According to the Australian Council of Recycling (ACOR) the Australian Federal government’s recent recycling policy announcement “wins a recycling Grand Final”.
ACOR, the peak body for the domestic industry worth $15 billion and 50,000 jobs, praised the coalition’s policy.
ACOR CEO Pete Shmigel said with the kerbside recycling part of a sector under pressure from Asian changes, this coalition package is an “appropriate, awesome and advantageous investment” in Australian recycling’s domestic sustainability.
“The coalition has kicked one strongly through the policy posts. That will result in less waste to landfill, recycling industry co-investment, community confidence in their efforts, value-adding jobs in regional centres, and resource security in a competitive world.
“ScoMo has scored big time for recycling, the environment and the economy all in one play.”
ACOR especially welcomes the following initiatives:
- $100 million Australian Recycling Investment Fund will result in the domestic manufacturing of lower emissions and energy-efficient recycled content products and critical domestic markets for the future.
- $20 million for a new Product Stewardship Investment Fund for industry-led recycling schemes, including for batteries, electrical and electronic products, photovoltaic systems and plastic oil containers, which can bring Australia in line with the world.
- $20 million for plastic recycling and waste solutions through the Cooperative Research Centres Projects grants program as only 11 per cent of this material is currently recycled.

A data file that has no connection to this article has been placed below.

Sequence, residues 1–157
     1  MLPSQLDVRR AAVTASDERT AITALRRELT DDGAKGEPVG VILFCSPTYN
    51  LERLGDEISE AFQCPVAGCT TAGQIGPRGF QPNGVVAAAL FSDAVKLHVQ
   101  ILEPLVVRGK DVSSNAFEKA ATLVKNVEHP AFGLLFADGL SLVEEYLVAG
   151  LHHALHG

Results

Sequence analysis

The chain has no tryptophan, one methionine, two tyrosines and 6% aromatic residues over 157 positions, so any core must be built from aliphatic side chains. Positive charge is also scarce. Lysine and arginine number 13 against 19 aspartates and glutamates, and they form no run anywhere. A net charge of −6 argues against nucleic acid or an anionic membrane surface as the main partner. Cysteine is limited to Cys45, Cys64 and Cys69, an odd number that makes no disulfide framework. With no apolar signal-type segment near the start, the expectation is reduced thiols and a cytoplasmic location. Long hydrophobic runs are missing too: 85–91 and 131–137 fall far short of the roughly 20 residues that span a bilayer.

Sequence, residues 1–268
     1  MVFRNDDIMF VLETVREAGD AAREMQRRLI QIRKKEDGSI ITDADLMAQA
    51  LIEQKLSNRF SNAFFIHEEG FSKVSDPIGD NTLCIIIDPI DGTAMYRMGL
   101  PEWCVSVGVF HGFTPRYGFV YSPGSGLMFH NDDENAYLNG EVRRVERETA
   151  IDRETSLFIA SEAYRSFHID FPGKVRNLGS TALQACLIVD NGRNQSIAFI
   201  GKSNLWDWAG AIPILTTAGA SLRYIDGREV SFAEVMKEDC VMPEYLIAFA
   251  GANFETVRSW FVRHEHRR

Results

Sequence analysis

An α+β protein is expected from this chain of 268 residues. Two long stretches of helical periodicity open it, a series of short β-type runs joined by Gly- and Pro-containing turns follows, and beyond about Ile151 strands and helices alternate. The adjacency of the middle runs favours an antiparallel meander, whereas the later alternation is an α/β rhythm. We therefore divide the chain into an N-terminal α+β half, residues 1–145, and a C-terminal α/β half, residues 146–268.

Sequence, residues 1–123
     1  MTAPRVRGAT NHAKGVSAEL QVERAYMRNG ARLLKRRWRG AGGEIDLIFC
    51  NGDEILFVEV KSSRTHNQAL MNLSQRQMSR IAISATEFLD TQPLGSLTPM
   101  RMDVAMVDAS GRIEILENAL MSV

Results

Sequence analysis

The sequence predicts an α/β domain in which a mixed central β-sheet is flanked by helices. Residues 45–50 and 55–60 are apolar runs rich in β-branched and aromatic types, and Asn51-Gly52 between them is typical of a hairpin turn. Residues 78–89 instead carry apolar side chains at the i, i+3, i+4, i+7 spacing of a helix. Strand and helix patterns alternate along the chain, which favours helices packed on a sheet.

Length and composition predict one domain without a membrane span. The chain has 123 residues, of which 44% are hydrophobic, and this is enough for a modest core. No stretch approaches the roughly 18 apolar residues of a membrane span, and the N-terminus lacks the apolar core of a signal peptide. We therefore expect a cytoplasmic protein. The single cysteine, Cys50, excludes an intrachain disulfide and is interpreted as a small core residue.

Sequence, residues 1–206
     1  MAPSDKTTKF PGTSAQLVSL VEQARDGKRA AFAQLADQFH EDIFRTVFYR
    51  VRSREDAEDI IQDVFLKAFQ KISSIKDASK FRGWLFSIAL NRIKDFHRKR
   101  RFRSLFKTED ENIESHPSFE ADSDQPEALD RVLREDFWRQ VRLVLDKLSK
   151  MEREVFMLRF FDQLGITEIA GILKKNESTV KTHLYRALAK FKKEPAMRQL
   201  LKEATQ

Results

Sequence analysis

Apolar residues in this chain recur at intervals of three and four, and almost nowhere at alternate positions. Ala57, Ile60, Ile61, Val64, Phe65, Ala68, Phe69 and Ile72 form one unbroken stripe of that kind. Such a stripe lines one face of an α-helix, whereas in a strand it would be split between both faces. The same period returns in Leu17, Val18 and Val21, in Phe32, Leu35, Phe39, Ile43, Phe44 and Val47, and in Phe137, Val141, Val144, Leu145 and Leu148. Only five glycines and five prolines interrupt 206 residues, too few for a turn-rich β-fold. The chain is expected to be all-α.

- $2 million for ACOR’s world-first “look and tell” recyclability app using AI to support Australians’ terrific participation in recycling.
According to Shmigel, it is also significant that the coalition has pledged to continue working with state, territory and local governments on opportunities to get more recycled content into road construction, but that it’s an area of much greater opportunity.
“In the future, we need more specific targets and timetables from government on using its purchasing power for recycled content products, such as roads, which is exactly how the UK and France have responded to Asia,” Shmigel added.
“Building Snowy 2.0 using recycled content construction material would soak up every glass and plastic stockpile in the country.”
ACOR also strongly acknowledges the recycling policy of the Federal ALP as strong and substantial with commitments in the areas of industry infrastructure, product stewardship and procurement.
“Australian voters, some 90 per cent of whom voluntarily participate in recycling, can be confident that both our major Parties and the Greens have provided substantive policies for this election,” Shmigel said.
“All three choices are positive and ACOR will compile a comparative scorecard based on its 10 Point Plan in the next week.”